If your son wants to go all out and the rest of the family is going to dress up then, a dark suit or tuxedo is the way to go. A cruise is a great opportunity for a family photo with everyone looking sharp, so if you like dressing up, most likely you won’t be the only ones. The majority of the men on longer cruises on dressier lines will be wearing a dark suit or tuxedo.
You don’t have to spend more on the wardrobe than the cruise if you are smart about where you shop. Teenage boys grow fast, sometimes more than an inch a month. I try to find moderate quality items that will look great until he out grows them, and stay away from brand new designer items. Here are a few suggestions.
Mass Market Retailers:
I find that mass market retailers have a fantastic selection of dress and khaki style pants. Walmart carries men’s Puritan brand khakis in a variety of colors for under $10, and their dress pants sell for about $14. Their men’s dress shirt and tie boxed sets are only $18. Some Walmart stores even carry their inexpensive George brand suit separates.
Thrift stores like the Salvation Army and Good Will stores sell gently used clothing at great prices. Many of us remember shopping there as college students or when looking for Halloween costumes. Depending on the area and quality of donated goods, these stores can be great places to look for higher end pieces or name brand apparel. A name brand shirt like Arrow sells for about $37 retail, $25 from a discounter, but I found one that looked like it had never been worn at Good Will for $4. At that same store I also found a nearly new Van Huesen dress shirt for $5. Sometimes you can find these shirts at places like JC Penny for a little as $20, but they retail for around $40. I also picked up a navy blazer at Good Will for $9, and designer dress pants for $7 each. They sometimes have nearly new looking suits at thrift shops too.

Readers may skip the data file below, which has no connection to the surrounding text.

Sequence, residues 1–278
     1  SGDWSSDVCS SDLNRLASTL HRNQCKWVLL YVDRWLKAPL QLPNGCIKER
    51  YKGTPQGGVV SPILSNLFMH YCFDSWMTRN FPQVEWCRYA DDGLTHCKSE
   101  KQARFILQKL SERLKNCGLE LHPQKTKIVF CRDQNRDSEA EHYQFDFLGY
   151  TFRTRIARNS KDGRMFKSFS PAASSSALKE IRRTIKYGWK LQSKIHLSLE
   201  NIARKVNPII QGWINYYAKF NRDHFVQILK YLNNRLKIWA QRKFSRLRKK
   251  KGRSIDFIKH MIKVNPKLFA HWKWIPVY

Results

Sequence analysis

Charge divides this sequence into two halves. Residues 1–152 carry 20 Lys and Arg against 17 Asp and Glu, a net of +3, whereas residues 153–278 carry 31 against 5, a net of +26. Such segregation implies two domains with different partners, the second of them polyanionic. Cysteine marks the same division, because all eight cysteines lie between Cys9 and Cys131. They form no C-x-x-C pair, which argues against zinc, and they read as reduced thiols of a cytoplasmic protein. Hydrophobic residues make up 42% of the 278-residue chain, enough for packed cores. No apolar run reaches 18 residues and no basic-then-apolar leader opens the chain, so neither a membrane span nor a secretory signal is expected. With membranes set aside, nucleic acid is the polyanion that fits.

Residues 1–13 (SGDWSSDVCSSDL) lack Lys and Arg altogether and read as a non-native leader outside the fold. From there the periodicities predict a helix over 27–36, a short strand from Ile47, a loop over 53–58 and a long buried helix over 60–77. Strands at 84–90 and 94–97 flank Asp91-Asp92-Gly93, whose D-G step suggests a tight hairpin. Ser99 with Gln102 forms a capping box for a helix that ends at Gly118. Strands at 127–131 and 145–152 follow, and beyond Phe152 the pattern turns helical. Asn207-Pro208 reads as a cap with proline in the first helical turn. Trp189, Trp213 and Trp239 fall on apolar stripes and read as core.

On Line Retailers:
If you want to purchase a tuxedo or dress suit and not pay full retail, an online discounter can sometimes provide the solution. I bought a brand new Devin Michael Tuxedo last year for my son, at BestTuxedo.com. They have purchase packages that start at less than $100 for the tux, shirt, tie, cummerbund, and studs. MyOwnTuxedo.com features a variety of new and previously worn designer formal wear.
CruiselineFormal.com specializes in renting formal wear to cruise passengers. At prices starting at $85 they will have your rental tuxedo delivered to your state room. This allows passengers to dress up with out the trouble of packing a tuxedo. If your teenage boy is rapidly growing, the rental option may be the best solution.
If you are driving to your departure city or flying on an airline with a generous baggage allowance, then you can check with your local tuxedo rental companies. They may have a special cruise package, and would be able to fit the tuxedo on your son in person rather than having to rely on just your own at home measurements.
Utilizing these strategies can insure that your son is fully able to enjoy his cruise in his proper attire, while at the same time not emptying Mom and Dad’s wallet before you even leave for the cruise.